Other Interesting Courses:

  • ECE/BioE 414 - Biomedical Instrumentation (Fall, Spring)
    Introduction to engineering aspects of the detection, acquisition, processing, and display of information and signals from living systems. Topics discussed include biomedical transducers and systems for measurement of biopotentials, force, pressures, blood flow, and heart sounds, as well as instrumentation for cell type and surface marker identification.

  • ECE/BioE 415 - Biomedical Instrumentation Lab (Fall, Spring)
    Studies medical instrumentation and transducers for static and dynamic inputs and measures actual biomedical signals.

  • BIOE 571 - Biological Measurement I (Fall)
    Introduces fundamental concepts related to the detection and analysis of biological analytes, biomedical images, and physiological parameters.  Topics include signal-to-noise analysis, noise characterization, data aliasing, analog-to-digital conversion, and common strategies for noise reduction.  The fundamental phenomena behind biological measurements such as DNA sequencing, fluorescence microscopy. MRI imaging, OCT imaging, and ultrasound imaging are discussed along with the factors that influence noise and contrast from the standpoint of fundamental physics, instrumentation hardware, and post-measurement data/signal processing.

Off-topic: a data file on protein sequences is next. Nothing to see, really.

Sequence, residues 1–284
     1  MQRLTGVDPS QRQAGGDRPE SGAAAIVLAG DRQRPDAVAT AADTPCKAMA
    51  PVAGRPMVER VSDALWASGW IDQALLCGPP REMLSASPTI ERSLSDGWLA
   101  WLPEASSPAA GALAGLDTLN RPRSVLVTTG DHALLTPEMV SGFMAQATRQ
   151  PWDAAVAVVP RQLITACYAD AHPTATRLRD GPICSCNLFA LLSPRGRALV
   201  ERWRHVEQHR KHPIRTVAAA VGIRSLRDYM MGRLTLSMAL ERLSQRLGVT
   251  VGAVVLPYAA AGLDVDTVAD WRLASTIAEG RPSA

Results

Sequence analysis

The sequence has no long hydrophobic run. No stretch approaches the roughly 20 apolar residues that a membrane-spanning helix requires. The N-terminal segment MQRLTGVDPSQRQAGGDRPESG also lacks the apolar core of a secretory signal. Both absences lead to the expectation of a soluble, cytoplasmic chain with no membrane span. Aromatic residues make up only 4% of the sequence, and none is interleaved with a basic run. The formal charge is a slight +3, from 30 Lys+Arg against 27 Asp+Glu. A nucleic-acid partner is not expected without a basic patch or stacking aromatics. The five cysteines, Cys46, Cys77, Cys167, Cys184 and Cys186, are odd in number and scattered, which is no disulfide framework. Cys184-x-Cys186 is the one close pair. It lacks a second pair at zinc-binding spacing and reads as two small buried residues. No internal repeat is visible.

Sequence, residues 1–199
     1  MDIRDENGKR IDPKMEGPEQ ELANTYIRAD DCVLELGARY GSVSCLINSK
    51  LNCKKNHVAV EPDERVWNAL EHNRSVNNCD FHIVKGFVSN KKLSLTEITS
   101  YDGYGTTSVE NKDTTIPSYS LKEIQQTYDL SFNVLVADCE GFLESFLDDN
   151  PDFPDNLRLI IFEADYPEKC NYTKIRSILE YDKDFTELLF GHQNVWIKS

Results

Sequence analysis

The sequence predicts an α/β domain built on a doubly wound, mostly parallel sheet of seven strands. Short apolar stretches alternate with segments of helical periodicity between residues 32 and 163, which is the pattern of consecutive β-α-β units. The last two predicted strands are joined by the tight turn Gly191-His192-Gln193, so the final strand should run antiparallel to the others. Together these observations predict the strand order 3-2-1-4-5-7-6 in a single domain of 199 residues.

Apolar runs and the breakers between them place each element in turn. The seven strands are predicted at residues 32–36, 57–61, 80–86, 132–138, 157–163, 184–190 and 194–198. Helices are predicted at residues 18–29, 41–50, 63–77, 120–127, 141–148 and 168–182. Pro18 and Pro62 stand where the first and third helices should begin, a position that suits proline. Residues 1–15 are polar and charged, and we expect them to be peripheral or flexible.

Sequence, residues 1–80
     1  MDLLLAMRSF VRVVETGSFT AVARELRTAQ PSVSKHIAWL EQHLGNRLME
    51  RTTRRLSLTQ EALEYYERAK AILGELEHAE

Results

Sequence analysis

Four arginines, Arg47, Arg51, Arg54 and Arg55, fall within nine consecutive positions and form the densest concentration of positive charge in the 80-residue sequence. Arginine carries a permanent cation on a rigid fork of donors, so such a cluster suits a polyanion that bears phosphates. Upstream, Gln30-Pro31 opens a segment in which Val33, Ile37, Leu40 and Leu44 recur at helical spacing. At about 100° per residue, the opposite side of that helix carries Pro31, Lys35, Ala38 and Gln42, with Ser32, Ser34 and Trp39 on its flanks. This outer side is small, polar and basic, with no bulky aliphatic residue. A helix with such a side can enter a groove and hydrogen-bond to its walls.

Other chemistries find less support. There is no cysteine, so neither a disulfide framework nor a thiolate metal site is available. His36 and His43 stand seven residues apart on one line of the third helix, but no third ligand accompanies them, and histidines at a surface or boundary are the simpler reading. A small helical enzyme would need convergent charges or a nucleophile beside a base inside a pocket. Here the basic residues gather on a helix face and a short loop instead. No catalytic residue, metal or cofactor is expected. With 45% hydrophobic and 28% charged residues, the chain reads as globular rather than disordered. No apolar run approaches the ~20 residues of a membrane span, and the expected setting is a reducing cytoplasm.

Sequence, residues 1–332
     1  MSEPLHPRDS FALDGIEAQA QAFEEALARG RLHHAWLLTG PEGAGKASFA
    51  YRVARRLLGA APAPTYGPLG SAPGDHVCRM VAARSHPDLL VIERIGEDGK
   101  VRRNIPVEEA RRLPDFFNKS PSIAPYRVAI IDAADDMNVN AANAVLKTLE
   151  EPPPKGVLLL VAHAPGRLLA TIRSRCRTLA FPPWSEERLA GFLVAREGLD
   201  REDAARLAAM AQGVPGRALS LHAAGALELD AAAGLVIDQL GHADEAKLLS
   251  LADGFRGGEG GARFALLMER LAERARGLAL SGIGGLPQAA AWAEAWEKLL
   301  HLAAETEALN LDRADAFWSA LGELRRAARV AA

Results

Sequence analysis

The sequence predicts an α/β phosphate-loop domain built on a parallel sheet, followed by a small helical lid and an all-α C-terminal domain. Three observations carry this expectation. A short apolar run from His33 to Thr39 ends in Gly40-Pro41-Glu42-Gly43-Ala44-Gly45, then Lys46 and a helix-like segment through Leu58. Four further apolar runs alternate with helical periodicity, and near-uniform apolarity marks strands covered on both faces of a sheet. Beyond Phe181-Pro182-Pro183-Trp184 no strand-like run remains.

• PHYS 498 ART - Where Art Meets Physics (Not currently available)
    Experiences the exciting ways in which science has joined hands with a broad spectrum of the arts, inclusive of the visual arts, theater, music, literature, and more, and to the marvelous creations that have emerged from this synergy. Going beyond analyzing this synergy, students will become creators themselves by using the knowledge gained in the course, forming teams, and learning from one another.